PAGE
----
Looking for a Solution to Firearm Violence? Try Blight Remediation
The United States has a higher rate of firearm violence than any other developed country, and most fatal violence involves firearms. Society and taxpayers spend more than $48 billion a year on resulting medical and work-loss costs. Charles Branas and coauthors sought to determine whether blight remediation can be a cost-beneficial solution to firearm violence in cities. They posited that changing environments that promote violence (by hiding criminals or storing illegal firearms) could reduce violence and save costs. They did quasi-experimental difference-in-differences analyses of two remediation programs in Philadelphia, Pennsylvania, to study firearm and nonfirearm violence: one remediated abandoned buildings, the other remediated vacant lots. The authors’ findings provide high-value actions policymakers could take to strengthen communities and save taxpayer dollars.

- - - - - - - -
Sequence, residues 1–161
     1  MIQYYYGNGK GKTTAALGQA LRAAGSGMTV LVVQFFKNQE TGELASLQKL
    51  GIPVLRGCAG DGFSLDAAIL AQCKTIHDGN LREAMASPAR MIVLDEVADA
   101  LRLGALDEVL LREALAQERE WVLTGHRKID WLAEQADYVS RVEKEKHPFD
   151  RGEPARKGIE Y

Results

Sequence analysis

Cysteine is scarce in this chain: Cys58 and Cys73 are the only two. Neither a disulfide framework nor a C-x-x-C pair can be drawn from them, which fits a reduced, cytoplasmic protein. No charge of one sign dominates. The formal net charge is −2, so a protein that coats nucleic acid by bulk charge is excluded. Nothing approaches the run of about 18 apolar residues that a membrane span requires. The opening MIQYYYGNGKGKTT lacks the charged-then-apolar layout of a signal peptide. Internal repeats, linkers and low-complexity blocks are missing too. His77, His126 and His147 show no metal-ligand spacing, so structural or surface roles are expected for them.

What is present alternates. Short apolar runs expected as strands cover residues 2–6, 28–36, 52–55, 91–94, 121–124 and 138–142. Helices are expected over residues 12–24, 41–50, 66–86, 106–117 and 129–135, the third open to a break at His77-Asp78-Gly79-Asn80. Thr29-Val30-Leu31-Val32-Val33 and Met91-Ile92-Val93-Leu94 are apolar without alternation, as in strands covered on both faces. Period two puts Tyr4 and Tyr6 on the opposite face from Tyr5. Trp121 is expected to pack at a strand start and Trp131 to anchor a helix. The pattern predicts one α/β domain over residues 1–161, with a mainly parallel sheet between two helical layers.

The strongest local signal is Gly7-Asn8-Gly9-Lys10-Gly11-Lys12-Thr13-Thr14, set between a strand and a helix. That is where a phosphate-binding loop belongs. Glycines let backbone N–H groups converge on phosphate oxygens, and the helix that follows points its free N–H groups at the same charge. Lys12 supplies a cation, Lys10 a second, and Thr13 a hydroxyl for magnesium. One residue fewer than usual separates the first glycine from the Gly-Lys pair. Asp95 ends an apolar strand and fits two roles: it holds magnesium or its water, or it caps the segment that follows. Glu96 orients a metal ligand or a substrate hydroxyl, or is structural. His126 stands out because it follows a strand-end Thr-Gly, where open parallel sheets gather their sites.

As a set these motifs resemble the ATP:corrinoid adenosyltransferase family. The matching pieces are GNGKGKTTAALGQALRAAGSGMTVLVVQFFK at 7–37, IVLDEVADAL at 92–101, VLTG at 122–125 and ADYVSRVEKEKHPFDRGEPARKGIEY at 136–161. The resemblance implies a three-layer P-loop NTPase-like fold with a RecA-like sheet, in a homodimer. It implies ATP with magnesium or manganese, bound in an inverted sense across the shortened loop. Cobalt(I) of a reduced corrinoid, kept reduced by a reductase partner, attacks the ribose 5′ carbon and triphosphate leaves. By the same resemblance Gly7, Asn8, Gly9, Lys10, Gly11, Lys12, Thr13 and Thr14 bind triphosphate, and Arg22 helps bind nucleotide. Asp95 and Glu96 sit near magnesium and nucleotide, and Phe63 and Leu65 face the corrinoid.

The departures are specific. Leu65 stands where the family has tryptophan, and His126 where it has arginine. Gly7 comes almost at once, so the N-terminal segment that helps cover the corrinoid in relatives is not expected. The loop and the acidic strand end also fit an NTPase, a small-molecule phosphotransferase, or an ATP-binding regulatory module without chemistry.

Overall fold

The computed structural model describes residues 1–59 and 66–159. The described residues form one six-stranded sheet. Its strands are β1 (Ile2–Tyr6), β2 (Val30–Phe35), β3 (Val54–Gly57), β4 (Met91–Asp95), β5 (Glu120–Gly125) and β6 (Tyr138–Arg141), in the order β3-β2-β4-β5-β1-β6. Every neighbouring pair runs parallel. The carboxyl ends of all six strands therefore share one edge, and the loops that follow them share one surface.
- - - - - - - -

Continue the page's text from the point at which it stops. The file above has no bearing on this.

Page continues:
- Both remediation programs significantly and sustainably reduced violence (a 39 percent reduction for abandoned buildings, and a 4.6 percent reduction for vacant lots).
- Both remediation programs yielded taxpayer and societal returns on investment for the prevention of firearms ($5 and $79 for every dollar spent on abandoned building remediation and $26 and $333 for every dollar spent on vacant lot remediation).
- Neither program significantly reduced nonfirearm violence, which leads the authors to conclude that there is something unique about firearm violence that makes it treatable with urban blight remediation programs.